The problem with controversial new series
AS FAR as its contribution to Australian TV drama goes, Romper Stomper is a well-crafted, ambitious and slick production.
It plays its tension well and the performances - especially Lachy Hulme's monstrous white nationalist leader - are chillingly good.
Stan should be commended for daring to put out something controversial, even if it's based on existing intellectual property.
It's quite a feat when the TV networks that used to dominate the space - Channels 7, 9 and 10 - have mostly given up on making quality dramas, preferring to churn out mediocre, crowd-pleasing, family-friendly, advertiser-friendly fare, if even that.
Set 25 years after the original film that launched Russell Crowe's career, the action has moved from the neo-Nazi skinheads on the fringe to the hate speech disguised as free speech of mainstream Australian politics. And the targets are now Muslims, rather than the Vietnamese migrants of 1992.
Hulme stars as Blake Farron, the leader of a white nationalist, anti-Muslim group called Patriot Blue - a thinly veiled fictionalisation of any number of real-life clowns.
He's a different beast to Crowe's Hando. Farron is a middle-class business owner and couches some of his rhetoric as a defence of Christianity, unaware of the irony. Farron commands a small group of extremists, regaling them with recitations of Henry Lawson and speeches about how white culture is under attack and the kind of nonsense we're, sadly, used to hearing spew out of the mouths of fanatics.
The series opens with Farron's group protesting a Halal food festival in Melbourne when the extreme-left Antifasc (the series' version of Antifa) appear and it turns violent.
In the ensuing melee, a Muslim university student, Laila, unwittingly becomes the face of her community.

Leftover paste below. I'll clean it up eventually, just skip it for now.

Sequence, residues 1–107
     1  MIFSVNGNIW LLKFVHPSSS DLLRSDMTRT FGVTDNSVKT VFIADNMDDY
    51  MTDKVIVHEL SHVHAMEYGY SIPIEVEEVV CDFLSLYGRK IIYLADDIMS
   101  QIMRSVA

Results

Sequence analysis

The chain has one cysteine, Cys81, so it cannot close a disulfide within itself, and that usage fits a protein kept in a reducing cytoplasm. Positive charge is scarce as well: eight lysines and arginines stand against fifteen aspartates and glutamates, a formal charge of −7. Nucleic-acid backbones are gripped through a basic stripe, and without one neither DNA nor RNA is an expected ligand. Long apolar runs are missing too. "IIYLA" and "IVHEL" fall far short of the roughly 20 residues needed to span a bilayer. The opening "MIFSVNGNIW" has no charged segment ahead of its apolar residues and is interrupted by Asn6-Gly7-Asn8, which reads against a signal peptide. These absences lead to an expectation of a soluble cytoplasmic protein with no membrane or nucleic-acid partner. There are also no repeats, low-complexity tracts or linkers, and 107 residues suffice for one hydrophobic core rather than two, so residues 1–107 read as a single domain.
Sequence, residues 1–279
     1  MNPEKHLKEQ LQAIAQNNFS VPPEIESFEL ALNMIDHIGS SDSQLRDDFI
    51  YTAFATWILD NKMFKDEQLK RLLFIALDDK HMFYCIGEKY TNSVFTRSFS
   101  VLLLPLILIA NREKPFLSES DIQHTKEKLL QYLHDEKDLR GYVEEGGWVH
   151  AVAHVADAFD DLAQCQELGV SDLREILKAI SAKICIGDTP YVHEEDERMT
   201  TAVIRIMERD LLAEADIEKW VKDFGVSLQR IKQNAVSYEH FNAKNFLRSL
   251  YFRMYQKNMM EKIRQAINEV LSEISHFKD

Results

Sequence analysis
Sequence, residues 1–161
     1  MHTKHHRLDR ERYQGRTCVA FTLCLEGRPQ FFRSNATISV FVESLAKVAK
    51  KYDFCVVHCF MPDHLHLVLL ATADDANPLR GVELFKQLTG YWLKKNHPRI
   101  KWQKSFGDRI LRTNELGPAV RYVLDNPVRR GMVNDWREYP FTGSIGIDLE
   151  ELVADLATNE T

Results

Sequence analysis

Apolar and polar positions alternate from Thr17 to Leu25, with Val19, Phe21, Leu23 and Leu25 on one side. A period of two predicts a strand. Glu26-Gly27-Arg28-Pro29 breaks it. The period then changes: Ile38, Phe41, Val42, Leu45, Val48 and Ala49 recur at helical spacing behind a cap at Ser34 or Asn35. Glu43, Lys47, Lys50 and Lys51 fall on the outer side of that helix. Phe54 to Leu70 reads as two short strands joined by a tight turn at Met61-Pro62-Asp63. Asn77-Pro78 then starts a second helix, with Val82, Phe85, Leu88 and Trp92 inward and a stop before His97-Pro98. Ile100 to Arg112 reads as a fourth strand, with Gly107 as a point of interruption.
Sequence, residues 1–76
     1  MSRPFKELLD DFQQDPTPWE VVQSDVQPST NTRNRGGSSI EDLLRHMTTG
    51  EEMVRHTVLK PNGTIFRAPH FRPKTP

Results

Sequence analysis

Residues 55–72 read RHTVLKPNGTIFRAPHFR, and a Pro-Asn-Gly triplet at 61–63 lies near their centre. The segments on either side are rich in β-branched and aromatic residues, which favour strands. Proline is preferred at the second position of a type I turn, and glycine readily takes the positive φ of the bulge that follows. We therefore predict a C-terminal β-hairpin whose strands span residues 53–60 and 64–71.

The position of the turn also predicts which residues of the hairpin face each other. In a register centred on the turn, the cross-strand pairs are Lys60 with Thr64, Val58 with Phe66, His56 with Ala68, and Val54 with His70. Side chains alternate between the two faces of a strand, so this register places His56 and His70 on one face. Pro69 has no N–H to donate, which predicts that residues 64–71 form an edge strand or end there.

Also on the scene is Kane (Toby Wallace), the son of Gabrielle (Jacqueline McKenzie, reprising her role from the 1992 film). His arrival into this powder keg escalates things quickly as the group turns to street violence against anyone "not worthy" in their warped creed.
What's problematic about Romper Stomper is why this and why now? In announcing the series, creator and director of the 1992 film, Geoffrey Wright, said the show's examination of race relations in Australia is more relevant, and pressing, than ever.
But you have to wonder if it's necessary. What is Romper Stomper's purpose? If it's purely for entertainment, then you have to question the wisdom of exploiting the politics of division, and depicting these white nationalists, these violent, so-called defenders of Australian values, gloriously speechifying about how it's been assaulted.
While the show is better than the film at countering time spent with the racists by giving some insight into the other groups - this time, the anarchists and the Muslim community - it still gives a lot more airtime and complexity to the white nationalists. There's a real danger in that imbalance.
If Romper Stomper is aiming for something loftier, to be provocative art that holds a mirror up to society, then it's certainly done that - the rhetoric used by the white nationalists are almost word-for-word what we hear in real life, including in Parliament.
But who would be surprised by any of it? That's the kind of ugly discourse aired in mainstream media and on Facebook every day, sometimes it's also on our streets, especially if there's a new mosque to protest. Romper Stomper isn't shedding light on some murky underbelly nor is it offering something resembling steps forward.
And if it's meant to persuade you one way or another on extremist politics, I imagine most people already have pretty strong views on racism or extremism.
A lot of viewers will struggle to sit through this violent series in large part because it is such unsettling and unpleasant viewing. If you usually keep sane by turning off the TV whenever Pauline Hanson pops her head up, you're hardly going to volunteer for five and a half hours of this.
But then if you're someone who might be sympathetic to the bigotry on display, feeling like you've been slighted in some way and looking for someone else to blame, and an excuse, then, well, like I said, Romper Stomper is problematic.
On a technical level, it's quite an achievement - it even reuses the same drumbeat score to convey that sense of pending malevolence and pandemonium - though it lacks the momentum or manic energy of the original by virtue of the different medium.
Whether it's thoughtful enough to work as a piece of political art is less clear.
Romper Stomper is available to stream on Stan.